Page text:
CrowdMics- I've been keeping my eyes on CrowdMics for a while now since they first came on the scene early this year, so it’s good to see them marching forward. CrowdMics is a mobile phone app that allows participants to talk directly into their phones for Q&A sessions, rather than waiting for a handheld mic to be passed around or run to them. Easy push to talk technology is combined with basic polling and text messaging capabilities, and the newest version has almost no latency (delay). They definitely struck a chord with the audience, which voted them as the top tech. More info at crowdmics.com
Sli.do- Slido is an event app designed around audience participation. It’s web based, so there’s no app to download, reducing the barrier of entry. Attendees can enter their questions directly, with their name or anonymously, as well as participate in polling. Questions can be moderated before displaying in the room, and they’re developing a Google Glass app for presenters to view the questions in their Glass privately. More info at sli.do
SpeakerSponsor- With seemingly more and more conferences choosing not to pay their speakers, SpeakerSponsor tries to connect speakers, with sponsors. Get it? I kind of like it when company names reflect what they do. The idea is that if you’re speaking (for free) to a certain target market, SpeakerSponsor will attempt to pair you with a sponsor that might want to get their message in front of that audience. You get paid, they get targeted impressions, win-win! More info at speakersponsor.com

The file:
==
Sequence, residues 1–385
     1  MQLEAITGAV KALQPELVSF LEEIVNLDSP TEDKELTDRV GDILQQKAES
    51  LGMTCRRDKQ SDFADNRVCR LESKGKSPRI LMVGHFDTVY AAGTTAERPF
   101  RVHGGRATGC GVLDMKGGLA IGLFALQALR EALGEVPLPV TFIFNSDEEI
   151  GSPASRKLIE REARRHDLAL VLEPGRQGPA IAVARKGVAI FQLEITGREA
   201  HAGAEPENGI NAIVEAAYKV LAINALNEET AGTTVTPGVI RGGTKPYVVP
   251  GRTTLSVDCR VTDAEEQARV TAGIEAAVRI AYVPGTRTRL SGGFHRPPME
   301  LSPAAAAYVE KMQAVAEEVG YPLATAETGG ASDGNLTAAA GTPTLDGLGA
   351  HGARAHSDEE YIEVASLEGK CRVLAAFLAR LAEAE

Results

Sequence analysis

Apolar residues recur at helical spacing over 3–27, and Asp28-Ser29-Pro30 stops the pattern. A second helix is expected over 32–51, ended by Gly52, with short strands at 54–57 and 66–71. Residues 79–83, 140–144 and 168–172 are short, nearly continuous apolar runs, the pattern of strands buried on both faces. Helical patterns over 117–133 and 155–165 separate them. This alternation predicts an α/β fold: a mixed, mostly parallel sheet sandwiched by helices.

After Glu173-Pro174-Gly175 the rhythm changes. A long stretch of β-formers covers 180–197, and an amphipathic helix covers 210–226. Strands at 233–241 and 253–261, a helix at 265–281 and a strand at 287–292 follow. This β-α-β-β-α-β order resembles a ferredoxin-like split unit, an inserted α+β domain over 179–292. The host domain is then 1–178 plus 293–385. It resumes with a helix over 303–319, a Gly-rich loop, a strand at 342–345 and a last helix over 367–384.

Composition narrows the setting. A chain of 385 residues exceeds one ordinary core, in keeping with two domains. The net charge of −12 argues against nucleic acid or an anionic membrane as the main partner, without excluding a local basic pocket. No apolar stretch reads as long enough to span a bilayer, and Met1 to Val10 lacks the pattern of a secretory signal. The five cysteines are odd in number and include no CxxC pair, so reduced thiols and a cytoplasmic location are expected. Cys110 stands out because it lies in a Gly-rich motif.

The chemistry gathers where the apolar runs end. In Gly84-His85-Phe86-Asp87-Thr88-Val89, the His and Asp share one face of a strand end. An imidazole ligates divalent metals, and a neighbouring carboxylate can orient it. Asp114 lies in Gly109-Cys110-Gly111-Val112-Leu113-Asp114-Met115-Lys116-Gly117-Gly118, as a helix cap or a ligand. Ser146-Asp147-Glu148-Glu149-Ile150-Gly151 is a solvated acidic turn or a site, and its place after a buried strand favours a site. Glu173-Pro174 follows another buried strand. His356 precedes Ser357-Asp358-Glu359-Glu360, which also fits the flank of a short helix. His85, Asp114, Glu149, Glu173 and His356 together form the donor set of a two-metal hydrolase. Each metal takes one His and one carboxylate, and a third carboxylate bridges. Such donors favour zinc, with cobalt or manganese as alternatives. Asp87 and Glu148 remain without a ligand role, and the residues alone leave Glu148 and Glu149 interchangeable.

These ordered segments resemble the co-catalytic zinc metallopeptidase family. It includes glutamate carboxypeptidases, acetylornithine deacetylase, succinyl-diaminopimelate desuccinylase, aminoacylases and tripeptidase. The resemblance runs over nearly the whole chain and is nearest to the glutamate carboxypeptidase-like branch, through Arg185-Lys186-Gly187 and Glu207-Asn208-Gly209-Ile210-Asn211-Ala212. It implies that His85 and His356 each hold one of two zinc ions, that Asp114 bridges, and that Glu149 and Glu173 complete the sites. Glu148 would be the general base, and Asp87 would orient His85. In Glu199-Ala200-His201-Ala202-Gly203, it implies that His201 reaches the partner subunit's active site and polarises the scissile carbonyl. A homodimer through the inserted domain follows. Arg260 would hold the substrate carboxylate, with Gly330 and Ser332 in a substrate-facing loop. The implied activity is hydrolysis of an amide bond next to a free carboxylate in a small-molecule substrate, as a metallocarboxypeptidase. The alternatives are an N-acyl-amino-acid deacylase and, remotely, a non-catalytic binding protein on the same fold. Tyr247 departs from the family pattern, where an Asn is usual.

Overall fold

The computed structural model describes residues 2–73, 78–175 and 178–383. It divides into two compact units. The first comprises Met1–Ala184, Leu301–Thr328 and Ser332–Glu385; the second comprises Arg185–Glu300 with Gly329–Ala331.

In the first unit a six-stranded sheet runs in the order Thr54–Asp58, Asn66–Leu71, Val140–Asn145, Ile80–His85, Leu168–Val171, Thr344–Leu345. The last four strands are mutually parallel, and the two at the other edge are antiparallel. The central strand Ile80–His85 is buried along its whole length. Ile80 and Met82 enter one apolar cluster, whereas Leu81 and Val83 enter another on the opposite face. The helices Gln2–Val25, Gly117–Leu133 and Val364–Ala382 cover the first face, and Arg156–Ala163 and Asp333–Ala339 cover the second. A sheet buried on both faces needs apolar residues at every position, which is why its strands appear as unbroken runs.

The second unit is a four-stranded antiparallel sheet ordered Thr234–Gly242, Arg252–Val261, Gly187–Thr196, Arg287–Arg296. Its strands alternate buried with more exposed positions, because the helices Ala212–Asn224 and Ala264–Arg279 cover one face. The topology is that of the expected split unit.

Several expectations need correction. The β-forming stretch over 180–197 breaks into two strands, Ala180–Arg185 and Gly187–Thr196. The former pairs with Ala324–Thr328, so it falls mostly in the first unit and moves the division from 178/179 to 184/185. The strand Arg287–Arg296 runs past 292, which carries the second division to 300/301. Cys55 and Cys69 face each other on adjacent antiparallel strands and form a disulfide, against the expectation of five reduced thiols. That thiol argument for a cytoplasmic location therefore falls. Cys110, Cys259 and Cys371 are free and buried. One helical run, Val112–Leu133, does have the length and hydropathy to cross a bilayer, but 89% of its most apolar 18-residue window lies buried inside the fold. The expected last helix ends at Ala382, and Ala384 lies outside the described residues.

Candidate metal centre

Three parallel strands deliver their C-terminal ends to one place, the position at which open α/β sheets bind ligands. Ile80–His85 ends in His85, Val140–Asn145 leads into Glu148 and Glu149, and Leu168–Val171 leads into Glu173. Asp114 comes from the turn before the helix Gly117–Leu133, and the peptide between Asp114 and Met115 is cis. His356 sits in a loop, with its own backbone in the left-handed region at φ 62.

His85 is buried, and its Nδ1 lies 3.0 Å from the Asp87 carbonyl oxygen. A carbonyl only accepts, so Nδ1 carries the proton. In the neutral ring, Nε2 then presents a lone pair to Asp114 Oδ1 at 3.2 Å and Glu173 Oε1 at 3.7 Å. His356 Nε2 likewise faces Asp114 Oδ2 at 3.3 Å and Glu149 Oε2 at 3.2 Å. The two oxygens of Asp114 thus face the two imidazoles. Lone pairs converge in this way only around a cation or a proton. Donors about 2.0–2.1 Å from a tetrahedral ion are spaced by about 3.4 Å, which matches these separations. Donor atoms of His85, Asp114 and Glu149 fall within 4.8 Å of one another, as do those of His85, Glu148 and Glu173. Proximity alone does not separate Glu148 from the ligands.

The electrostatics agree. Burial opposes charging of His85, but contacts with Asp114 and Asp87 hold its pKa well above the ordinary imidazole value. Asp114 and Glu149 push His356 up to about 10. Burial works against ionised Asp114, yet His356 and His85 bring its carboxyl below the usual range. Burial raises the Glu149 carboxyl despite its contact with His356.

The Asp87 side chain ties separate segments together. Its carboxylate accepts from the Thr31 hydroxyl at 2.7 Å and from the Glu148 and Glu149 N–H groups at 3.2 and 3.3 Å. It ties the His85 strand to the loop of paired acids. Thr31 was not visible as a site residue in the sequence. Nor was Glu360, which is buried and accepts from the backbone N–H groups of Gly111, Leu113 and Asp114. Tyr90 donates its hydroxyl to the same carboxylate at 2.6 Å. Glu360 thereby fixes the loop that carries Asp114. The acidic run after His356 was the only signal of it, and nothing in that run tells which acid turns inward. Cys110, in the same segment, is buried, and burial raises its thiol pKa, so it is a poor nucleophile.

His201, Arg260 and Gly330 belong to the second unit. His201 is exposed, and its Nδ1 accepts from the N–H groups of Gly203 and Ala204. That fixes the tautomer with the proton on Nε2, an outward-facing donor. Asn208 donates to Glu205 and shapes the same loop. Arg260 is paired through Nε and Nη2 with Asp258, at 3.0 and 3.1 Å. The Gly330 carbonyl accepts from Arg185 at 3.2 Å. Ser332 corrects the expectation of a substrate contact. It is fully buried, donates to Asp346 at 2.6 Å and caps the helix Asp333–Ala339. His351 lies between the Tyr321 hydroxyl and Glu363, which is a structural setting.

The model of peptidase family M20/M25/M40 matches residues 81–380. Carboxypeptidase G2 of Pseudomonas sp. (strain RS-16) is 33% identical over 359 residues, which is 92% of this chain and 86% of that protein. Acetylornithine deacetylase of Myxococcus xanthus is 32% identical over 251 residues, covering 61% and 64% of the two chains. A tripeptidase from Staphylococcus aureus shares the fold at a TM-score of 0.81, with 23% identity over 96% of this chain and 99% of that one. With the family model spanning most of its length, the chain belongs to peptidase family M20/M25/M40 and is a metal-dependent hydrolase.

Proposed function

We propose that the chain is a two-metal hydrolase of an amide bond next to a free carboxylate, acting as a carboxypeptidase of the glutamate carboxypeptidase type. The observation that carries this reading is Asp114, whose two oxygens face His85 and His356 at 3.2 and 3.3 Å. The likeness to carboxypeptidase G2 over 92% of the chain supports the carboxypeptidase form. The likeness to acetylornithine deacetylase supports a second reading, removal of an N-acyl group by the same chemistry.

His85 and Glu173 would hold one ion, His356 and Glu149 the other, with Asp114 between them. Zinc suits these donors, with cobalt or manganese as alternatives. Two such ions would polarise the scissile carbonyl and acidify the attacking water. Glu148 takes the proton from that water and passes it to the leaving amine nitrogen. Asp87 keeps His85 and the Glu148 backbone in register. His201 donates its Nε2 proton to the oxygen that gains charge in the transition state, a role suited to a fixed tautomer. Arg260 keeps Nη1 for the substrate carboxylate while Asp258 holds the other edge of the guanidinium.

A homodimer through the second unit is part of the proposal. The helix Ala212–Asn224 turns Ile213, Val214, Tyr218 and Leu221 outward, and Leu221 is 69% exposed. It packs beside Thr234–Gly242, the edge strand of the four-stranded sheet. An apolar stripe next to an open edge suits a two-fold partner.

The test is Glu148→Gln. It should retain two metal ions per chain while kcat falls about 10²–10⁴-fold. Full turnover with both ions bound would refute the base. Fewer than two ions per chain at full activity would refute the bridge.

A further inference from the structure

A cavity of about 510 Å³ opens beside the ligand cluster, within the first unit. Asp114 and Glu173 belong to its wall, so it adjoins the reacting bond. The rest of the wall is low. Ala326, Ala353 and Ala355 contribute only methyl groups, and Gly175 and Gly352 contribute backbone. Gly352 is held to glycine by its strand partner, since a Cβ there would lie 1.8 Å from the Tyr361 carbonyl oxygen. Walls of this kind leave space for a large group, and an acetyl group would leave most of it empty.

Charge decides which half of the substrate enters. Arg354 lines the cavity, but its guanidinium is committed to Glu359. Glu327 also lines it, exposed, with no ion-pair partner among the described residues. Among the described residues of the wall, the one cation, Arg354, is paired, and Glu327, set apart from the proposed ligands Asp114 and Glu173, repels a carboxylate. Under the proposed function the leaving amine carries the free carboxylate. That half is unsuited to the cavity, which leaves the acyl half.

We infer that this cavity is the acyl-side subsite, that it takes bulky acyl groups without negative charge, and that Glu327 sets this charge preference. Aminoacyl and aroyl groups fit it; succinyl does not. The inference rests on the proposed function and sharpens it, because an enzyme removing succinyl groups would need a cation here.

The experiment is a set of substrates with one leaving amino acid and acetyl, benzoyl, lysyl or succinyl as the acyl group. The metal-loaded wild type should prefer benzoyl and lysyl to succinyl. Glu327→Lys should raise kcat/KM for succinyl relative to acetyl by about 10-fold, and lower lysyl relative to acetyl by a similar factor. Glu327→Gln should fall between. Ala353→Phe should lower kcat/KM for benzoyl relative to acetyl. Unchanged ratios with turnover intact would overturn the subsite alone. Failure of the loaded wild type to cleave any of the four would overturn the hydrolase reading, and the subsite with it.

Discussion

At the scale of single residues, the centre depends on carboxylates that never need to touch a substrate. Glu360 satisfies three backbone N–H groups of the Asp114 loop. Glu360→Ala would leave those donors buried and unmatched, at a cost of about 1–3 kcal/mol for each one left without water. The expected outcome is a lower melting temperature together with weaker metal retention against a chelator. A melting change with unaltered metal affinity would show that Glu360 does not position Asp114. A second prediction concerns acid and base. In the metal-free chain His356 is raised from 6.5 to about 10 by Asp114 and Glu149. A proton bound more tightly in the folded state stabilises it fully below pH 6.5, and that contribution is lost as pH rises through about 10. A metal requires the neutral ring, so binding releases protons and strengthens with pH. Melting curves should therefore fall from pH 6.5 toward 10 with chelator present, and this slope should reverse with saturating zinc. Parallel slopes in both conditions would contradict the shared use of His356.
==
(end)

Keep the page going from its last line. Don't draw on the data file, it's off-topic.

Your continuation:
Speecheo- Speecheo is a very intriguing app, designed to help attendees keep their notes, highlights, likes and dislikes regarding a presentation all in one place. Presentation slides are viewable within the app, and attendees can bookmark a moment in time, then go back and look at that part of the presentation later. The platform tracks all those data points, combined with the Twitter feed of the event, and organizes that information for the presenter’s analysis. Presenters can even followup with attendees post event using that data. The judges all agreed that there was a tremendous potential for both attendees and presenters, and voted it the winner of the competition. More info at speecheo.com, and a detailed writeup at The Event Manager Blog.
The Startup Competition was a great way to get some of the most creative and innovative new event technology companies together in one place, and I hope it becomes a tradition at IMEX for a long time to come!
For more recaps of the competition check out: